Explaining The Push For 'Pay It Forward' Tuition Plans
A Florida lawmaker has proposed allowing students to attend college tuition-free, and then repay the cost with a percentage of their salary after graduating.
The proposal has been nicknamed "Pay It Forward" tuition because students making their payments keep tuition free for future generations of college students. Students might pay their Alma mater between 2 percent and 6 percent of their annual salary for as long as 25 years, depending on the terms of the program.
The idea was first proposed in Oregon, which is creating a pilot program for lawmakers to consider. In Florida, Sen. Eleanor Sobel, D-Hollywood, introduced SB 738, which would launch a pilot program to create a Pay It Forward program.
Pay It Forward seems tempting on its face. The University of Florida charges $6,270 a year in tuition. The median Florida salary is $41,334 for a household with one earner. Assuming 3 percent payback over 25 years, that University of Florida degree would cost $31,000.
"It's disarmingly apparent that it sounds like a good deal," said Sara Goldrick-Rab, a professor of higher education policy at the University of Wisconsin at Madison.
But Goldrick-Rab said Pay It Forward plans don't address the real cost of college and don't do anything to stop the rising price of higher education.
Tuition typically accounts for less than half the total cost of attending college. But Goldrick-Rab said most Pay It Forward proposals would only cover the cost of tuition. Many students would still need to borrow to pay for living expenses, books and other expenses.
"And then when you finish college you're going to be paying back a percentage of your income every year...and you're going to be paying back your loans," Goldrick-Rab said. "And the two of those together is quite possibly a worse deal than what we're facing now."
This isn't the first time colleges have experimented with repaying the cost of college on graduation. As Politico reported, a similar idea failed at Yale University in the 1970's.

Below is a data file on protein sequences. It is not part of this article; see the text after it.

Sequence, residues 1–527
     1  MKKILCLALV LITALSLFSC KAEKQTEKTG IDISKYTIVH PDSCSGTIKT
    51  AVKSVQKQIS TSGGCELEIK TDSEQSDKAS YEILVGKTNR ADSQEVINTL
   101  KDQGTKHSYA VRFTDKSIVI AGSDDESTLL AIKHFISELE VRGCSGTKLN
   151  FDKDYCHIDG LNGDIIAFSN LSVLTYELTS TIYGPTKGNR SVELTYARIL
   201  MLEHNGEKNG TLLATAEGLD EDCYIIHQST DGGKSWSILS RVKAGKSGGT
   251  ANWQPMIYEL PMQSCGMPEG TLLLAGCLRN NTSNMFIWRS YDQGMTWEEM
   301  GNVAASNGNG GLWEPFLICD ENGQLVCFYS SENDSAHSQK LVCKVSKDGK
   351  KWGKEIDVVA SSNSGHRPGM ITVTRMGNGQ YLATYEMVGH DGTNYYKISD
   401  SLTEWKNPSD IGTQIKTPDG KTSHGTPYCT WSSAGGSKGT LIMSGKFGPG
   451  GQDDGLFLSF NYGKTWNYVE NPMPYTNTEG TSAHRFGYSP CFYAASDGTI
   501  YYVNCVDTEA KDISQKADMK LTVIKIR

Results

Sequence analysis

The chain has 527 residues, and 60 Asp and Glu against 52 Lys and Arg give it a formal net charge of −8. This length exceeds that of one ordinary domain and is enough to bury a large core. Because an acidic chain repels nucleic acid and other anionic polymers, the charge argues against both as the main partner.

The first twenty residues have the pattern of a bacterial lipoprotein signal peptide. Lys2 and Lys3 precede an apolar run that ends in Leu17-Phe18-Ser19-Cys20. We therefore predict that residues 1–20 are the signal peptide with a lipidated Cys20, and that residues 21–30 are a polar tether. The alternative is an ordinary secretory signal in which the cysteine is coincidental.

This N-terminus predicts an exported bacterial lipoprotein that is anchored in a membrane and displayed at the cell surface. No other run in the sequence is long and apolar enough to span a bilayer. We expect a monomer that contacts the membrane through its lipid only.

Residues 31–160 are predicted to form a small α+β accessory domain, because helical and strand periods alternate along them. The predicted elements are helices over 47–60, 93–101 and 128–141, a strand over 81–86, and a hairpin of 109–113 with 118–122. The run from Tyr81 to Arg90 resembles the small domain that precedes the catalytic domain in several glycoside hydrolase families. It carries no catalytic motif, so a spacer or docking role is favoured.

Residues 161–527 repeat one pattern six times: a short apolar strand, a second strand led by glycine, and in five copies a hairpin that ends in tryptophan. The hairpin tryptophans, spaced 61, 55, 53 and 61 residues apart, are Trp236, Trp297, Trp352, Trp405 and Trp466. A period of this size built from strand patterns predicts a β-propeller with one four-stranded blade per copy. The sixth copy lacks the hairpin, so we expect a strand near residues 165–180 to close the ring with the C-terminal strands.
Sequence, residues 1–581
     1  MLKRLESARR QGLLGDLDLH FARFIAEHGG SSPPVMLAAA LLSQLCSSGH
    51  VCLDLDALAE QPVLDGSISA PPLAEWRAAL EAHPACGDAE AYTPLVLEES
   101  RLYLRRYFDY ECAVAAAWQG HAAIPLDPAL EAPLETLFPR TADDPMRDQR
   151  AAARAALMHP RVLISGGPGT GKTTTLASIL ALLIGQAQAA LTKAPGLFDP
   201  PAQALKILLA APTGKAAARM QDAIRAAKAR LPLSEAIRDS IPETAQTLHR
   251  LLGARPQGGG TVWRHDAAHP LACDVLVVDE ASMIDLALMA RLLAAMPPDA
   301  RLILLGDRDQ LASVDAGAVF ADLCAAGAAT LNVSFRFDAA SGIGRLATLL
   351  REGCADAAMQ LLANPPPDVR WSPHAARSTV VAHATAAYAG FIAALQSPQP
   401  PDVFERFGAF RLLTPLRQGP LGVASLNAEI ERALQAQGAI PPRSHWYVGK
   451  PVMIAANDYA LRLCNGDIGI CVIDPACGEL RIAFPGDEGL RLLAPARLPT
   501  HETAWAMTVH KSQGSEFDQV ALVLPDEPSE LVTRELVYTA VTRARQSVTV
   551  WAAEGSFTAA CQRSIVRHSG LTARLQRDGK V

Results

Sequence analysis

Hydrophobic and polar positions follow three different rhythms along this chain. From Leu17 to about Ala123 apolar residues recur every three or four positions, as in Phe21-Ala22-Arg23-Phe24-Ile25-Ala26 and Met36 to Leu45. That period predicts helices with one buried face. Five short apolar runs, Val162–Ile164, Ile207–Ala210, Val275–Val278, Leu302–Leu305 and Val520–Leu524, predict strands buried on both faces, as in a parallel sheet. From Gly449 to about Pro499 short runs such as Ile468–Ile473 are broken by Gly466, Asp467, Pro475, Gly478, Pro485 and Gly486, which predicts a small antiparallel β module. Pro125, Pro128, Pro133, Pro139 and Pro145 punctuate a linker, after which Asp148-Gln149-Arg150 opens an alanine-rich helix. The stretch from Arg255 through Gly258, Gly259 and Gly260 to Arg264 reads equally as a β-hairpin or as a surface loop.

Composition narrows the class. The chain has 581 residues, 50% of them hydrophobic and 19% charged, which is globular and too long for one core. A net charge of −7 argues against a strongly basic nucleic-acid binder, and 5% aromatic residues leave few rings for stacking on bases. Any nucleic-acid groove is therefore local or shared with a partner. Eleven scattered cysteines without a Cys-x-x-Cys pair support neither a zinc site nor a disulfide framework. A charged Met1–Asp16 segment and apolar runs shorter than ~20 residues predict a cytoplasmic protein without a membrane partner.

Students at the University of California at Riverside proposed a similar model in 2012. But the only real precedent so far has been at Yale University in the 1970s. Students borrowed money from Yale and were supposed to pay back 4 percentage of their annual income until the entire class had paid off its collective loan. At the peak of the program’s brief life span, more than one-third of the student body was participating. Many wealthier graduates paid a penalty to get out of the program early, and poorer ones quit paying at all. When Yale ended the program at the turn of the 21st century, the university’s president told the Yale Daily News he was relieved the experiment finally ended. Burbank says states have more enforcement power than a private university. The Yale program was a product of the “cultural hubbub of communal good times” of the 1960s, he said. “That faded quickly in the 1970s, when the contributions needed to be made.”
Another short-coming of Pay It Forward, Goldrick-Rab said, is that it likely won't encourage public colleges or state budget writers to deal with the problem of the rising cost of higher education. When the bill for college comes due years after lawmakers are out of office, she said it's unlikely legislators will have any incentive to add state funding or prevent tuition from rising.
But Oregon, Mississippi and Tennessee and other states are also working on another new idea: making at least two years of college completely free for all students. Tennessee estimates the idea would cost $34 million a year and the state would pay for it with lottery revenues.